Wednesday, November 14, 2012

Transcontinental Media closing MORE magazine [Updated]

[This post has been updated]
More magazine is being closed by Transcontinental Media, effective the end of the month. The publication, aimed at "grown-up women" and a co-venture with Meredith Corporation, publisher of the U.S. More, has been a popular publication with Canadian readers and a great market for freelancers. While an official release has yet to be made by the company, staff has been told and freelancers were being informed.
The magazine was launched in March 2007. [The French equivalent, Vita, launched in 2008.]

[Update]A release at the end of the day today said that the December/January issues of MORE and its French-language equivalent Vita will be their last in print and their websites will close over the coming weeks. Some of the sales and editorial staff may be redeployed on other core brands, but there will be job losses.
"While the brands resonated well with readers, the challenging economic climate that prevailed for the two years following their launch made it difficult for the young publications to gain the advertising sales needed for long-term success," said the release.  
“We would like to take this opportunity to sincerely thank our dedicated staff and contributors, our very loyal readers and advertisers, as well as everyone who has made a strong contribution to More and Vita over the years,” said Pierre Marcoux, Senior Vice President, Business and Consumer Solutions, TC Media. 
“While it’s always tough to say goodbye to popular brands, we look forward to pursuing new and innovative initiatives as part of our plan to grow some of Canada’s most loved brands, such as Canadian Living, Coup de pouce, ELLE Canada, ELLE Québec, Style at Home, Decormag and Canadian Gardening.”

6 Comments:

Anonymous Anonymous said...

Great mag with smart, hard-working team. I'm surprised to see that run ended. Its a big loss to Canadian magazines.

4:10 pm  
Anonymous Anonymous said...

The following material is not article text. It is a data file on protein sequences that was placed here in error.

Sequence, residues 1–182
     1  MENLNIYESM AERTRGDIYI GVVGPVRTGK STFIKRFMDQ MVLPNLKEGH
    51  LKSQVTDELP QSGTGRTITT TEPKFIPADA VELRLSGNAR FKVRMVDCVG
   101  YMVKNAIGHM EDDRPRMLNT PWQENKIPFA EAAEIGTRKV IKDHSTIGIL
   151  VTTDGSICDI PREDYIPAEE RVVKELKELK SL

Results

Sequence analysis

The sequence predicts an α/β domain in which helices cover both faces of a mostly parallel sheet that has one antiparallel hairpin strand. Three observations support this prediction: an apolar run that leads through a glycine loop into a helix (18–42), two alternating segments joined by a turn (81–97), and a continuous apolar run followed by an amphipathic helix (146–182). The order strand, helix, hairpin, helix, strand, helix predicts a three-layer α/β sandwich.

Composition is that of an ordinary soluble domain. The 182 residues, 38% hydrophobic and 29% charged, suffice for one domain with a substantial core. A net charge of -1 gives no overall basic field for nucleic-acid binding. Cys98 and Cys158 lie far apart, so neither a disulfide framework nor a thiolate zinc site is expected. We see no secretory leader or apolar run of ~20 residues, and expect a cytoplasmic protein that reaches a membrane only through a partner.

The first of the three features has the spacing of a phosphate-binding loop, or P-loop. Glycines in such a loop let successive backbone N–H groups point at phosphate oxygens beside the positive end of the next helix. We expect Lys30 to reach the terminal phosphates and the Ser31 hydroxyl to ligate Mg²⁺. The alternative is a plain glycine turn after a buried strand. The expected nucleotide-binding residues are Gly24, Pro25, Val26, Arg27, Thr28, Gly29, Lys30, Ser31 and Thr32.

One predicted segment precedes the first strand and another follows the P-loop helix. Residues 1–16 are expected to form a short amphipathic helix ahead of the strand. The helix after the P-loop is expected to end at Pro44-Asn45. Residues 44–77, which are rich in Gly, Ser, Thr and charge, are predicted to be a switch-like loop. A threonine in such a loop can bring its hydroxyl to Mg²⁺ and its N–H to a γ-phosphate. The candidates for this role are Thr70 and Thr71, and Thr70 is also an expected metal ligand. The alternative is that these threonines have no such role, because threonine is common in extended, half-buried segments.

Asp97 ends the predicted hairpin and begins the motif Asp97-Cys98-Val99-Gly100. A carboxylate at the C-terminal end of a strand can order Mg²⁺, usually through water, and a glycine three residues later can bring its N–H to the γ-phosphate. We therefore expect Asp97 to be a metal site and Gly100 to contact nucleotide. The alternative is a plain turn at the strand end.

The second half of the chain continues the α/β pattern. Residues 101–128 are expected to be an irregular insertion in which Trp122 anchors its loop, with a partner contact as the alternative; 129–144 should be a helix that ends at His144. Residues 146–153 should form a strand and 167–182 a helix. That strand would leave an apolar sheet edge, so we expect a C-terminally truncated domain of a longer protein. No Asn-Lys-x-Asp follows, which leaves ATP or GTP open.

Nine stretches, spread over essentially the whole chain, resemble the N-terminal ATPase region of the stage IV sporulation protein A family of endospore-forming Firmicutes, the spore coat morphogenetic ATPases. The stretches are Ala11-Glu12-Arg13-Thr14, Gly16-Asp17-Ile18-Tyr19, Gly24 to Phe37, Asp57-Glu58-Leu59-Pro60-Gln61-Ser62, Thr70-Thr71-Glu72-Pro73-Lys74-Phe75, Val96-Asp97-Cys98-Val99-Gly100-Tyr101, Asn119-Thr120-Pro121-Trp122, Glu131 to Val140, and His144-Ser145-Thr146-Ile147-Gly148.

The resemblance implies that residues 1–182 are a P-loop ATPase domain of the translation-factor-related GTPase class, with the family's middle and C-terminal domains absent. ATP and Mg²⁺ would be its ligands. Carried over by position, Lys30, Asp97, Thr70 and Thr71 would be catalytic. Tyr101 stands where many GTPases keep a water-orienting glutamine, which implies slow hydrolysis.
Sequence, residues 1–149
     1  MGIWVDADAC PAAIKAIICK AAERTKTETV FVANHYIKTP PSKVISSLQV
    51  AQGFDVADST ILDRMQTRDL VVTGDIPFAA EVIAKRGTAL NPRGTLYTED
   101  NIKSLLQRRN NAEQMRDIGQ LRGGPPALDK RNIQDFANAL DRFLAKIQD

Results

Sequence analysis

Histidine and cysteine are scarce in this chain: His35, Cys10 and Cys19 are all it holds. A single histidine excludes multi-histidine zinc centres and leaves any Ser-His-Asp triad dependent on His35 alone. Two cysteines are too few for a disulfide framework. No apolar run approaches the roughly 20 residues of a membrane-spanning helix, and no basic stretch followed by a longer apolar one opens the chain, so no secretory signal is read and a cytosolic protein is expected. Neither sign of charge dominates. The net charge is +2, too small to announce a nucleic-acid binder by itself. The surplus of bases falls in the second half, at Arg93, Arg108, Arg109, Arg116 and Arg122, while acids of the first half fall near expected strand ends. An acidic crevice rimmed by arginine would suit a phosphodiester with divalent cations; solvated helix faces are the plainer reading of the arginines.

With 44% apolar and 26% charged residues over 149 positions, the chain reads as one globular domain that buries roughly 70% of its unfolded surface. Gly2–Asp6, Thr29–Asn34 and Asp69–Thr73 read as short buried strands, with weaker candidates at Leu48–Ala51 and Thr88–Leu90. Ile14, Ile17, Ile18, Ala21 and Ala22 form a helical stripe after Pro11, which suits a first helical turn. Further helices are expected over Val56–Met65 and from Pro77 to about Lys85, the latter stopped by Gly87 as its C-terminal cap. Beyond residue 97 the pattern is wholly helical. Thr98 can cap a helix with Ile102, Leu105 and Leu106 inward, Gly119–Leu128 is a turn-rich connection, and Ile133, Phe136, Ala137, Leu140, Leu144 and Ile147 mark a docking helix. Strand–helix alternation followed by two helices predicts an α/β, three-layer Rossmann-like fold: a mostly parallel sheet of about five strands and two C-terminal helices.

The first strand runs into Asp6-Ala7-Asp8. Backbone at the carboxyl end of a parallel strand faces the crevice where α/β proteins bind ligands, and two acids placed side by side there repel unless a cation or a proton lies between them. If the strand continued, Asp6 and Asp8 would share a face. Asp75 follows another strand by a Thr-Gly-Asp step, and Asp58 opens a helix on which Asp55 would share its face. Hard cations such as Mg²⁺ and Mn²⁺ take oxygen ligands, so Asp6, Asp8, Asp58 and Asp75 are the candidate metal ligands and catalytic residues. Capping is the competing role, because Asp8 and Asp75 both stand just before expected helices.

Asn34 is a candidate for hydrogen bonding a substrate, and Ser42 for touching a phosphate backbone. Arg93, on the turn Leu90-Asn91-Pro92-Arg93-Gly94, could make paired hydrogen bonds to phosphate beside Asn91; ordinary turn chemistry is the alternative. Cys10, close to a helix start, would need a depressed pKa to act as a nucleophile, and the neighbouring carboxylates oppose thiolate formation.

Very sad that just having a large, loyal readership isn't enough any more - not when the agency people who place the ads are roughly half the age of the magazine's target market. I wonder (given the success of "More" with readers) whether any scenarios were run that relied less on ads and on a slightly higher subscription price.

6:46 pm  
Blogger Karen said...

It is indeed unfortunate this has to come to an end. Although I enjoyed the magazine, I always thought there was more advertising content than content I was interested in. So, if even with all those ads there wasn't enough advertising income then it's likely best. Who wants to read a magazine that is primarly a consolidation of beauty product
ads??

7:27 am  
Blogger Karen said...

It is indeed unfortunate this has to come to an end. Although I enjoyed the magazine, I always thought there was more advertising content than content I was interested in. So, if even with all those ads there wasn't enough advertising income then it's likely best. Who wants to read a magazine that is primarly a consolidation of beauty product
ads??

7:28 am  
Anonymous Patty said...

I believe, verified by letters to the editor, that many Canadian readers resented that the majority of the covers were Americans. This includes the debut cover in Canada. As a subscriber for the first few years I found that the magazine had very little content for the reader over 50. In Canada, when you narrow your demographics to that extent, it is very difficult to succeed.

9:17 pm  
Anonymous Anonymous said...

Why???? This was a great magazine and I loved the fact that it was specifically geared at the 40+ women age group, instead of the typical magazine that have under 20 models telling you "this is what you should look like...", it just doesn't work for 40+ REAL Women. Please reconsider and bring it back!!!

1:11 pm  

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